|Name: Adam Capek
Event: Hats for Sats – Glasgow Royal Infirmary
Date: July 2016
Amount raised: £645
Over the years Lifebox has received incredible support from the anaesthesia community so we were delighted to receive an email from Adam Capek, an anaesthetist at the Glasgow Royal Infirmary about his department’s unique ‘Hats for Sats’ fundraising event. This novel idea brought team members together and raised funds to support colleagues around the world.
We caught up with Adam recently and this is what we learned.
What motivated you to support Lifebox?
Lifebox is a fantastic charity which has been well publicised in the anaesthetic community and is therefore a natural choice for which to fundraise. Everyone working in a theatre environment can see the value of the work of Lifebox, and for all of the shortages within the NHS we can recognise how fortunate we are in terms of basic equipment. To provide a core level of monitoring to theatres worldwide is an aim which can only be supported.
This is a really unique idea, how did you come up with it?
A few of us at work were discussing that in other countries everyone wears their own theatre hats but in this country we normally go for the plain disposable ones. After a while we thought that we could provide some light relief for the theatre teams in our hospital by encouraging each other to wear silly hats while raising some money at the same time. The name “Hats for Sats” was born a few days later after a long weekend on-call!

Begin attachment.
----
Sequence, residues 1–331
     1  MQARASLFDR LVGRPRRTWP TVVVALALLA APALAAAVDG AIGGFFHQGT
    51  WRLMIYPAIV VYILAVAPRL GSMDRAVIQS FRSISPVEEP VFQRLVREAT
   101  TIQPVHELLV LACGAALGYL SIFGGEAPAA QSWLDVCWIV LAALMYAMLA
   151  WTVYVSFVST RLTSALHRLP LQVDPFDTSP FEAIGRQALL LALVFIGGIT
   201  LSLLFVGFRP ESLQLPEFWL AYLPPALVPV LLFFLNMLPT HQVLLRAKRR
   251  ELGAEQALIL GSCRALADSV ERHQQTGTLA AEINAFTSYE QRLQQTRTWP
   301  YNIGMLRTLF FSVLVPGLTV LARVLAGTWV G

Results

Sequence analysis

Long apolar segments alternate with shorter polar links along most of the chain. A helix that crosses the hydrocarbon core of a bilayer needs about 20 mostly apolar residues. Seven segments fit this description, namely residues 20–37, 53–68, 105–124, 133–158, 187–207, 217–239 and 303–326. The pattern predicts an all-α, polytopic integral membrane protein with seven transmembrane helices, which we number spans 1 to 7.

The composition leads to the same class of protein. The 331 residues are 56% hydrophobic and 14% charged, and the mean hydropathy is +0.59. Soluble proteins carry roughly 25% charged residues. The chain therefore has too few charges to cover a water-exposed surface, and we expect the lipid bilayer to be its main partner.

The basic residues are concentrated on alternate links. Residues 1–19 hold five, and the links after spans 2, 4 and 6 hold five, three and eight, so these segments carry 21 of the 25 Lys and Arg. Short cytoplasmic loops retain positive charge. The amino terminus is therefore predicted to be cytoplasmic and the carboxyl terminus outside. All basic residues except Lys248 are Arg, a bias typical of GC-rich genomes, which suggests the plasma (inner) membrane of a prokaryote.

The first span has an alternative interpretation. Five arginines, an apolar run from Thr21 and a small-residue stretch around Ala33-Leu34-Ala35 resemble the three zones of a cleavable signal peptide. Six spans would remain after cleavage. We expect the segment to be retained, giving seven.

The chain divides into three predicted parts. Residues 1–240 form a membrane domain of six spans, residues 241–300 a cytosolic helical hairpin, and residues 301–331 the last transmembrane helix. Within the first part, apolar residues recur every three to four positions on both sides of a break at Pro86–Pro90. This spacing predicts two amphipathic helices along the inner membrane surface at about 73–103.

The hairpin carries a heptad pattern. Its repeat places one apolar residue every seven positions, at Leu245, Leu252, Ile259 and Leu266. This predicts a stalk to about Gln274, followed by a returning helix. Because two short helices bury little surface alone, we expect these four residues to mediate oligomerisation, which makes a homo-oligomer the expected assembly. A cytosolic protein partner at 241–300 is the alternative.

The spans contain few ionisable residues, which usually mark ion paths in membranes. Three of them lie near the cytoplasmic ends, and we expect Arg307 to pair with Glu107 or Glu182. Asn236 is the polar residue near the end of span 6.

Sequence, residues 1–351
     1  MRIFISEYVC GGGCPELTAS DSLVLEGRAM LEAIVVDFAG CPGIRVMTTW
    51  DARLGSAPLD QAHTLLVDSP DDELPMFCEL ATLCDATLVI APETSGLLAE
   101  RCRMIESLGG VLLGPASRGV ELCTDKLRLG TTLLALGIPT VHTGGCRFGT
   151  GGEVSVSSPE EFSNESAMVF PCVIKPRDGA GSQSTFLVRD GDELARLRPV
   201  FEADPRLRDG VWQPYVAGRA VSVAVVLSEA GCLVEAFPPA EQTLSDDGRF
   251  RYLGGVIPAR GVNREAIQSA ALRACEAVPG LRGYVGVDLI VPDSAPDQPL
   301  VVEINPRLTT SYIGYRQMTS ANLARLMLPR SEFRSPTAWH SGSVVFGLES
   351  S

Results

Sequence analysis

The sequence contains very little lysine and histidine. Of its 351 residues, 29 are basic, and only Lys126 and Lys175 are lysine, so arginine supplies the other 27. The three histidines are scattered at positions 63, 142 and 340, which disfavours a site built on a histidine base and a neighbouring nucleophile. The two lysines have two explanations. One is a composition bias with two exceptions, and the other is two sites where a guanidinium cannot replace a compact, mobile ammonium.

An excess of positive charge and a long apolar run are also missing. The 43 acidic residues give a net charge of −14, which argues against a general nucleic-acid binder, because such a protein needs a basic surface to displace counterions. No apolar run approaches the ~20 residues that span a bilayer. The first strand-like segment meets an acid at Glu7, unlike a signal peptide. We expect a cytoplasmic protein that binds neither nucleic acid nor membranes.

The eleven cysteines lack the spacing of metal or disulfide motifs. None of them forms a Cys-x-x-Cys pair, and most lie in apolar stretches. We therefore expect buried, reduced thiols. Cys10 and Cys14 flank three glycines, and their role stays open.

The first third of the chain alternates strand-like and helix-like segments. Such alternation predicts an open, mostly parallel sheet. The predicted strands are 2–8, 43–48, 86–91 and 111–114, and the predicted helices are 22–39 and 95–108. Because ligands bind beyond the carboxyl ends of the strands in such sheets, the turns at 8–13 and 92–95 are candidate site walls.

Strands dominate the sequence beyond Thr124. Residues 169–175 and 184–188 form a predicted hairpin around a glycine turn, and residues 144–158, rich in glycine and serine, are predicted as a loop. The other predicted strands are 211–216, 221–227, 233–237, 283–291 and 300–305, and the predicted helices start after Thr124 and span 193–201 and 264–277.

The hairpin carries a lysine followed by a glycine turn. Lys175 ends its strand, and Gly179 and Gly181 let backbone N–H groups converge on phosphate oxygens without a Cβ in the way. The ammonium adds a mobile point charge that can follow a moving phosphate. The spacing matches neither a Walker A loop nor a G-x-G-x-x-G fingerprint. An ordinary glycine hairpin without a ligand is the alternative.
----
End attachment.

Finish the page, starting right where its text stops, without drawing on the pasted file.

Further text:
What have you gained from leading this fundraising effort?
It has been incredibly rewarding seeing members of all parts of the theatre team joining in with this common cause. In particular the staff in the recovery room have taken it upon themselves to sell the hats even though they are the one group who rarely wear theatre hats themselves. Not only that but the huge generosity shown by the Caduce Collection in supplying these hats has shown that there is undoubtedly still a spirit of charity in the UK.
What does safe anaesthesia mean to you?
The specialty of anaesthetics seems to be at the heart of patient safety throughout the world. In better funded countries this has been taken to not only avoid major intra-operative disasters but also to reduce morbidity throughout the patient’s hospital stay by fine-tuning each aspect of their care. At the most basic level however we should be able to allow surgery to proceed without the anaesthetic itself endangering the life of the patient and basic monitoring is central to that. There is still a generation of anaesthetists in this country who can remember giving an anaesthetic without saturation monitoring but those individuals would not dream of doing so now. Every patient no matter where they are in the world deserves the same right.